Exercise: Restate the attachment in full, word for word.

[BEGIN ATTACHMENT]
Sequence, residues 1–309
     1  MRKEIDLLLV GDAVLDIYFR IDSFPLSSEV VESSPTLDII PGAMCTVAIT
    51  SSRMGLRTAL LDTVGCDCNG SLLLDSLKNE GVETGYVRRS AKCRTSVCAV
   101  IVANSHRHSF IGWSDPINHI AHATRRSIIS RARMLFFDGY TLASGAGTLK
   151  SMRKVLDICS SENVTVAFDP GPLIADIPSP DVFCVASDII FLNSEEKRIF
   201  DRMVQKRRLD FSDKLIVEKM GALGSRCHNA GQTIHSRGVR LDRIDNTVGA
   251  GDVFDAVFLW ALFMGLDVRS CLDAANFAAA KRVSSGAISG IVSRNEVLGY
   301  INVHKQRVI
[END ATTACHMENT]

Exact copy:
Sequence, residues 1–309
     1  MRKEIDLLLV GDAVLDIYFR IDSFPLSSEV VESSPTLDII PGAMCTVAIT
    51  SSRMGLRTAL LDTVGCDCNG SLLLDSLKNE GVETGYVRRS AKCRTSVCAV
   101  IVANSHRHSF IGWSDPINHI AHATRRSIIS RARMLFFDGY TLASGAGTLK
   151  SMRKVLDICS SENVTVAFDP GPLIADIPSP DVFCVASDII FLNSEEKRIF
   201  DRMVQKRRLD FSDKLIVEKM GALGSRCHNA GQTIHSRGVR LDRIDNTVGA
   251  GDVFDAVFLW ALFMGLDVRS CLDAANFAAA KRVSSGAISG IVSRNEVLGY
   301  INVHKQRVI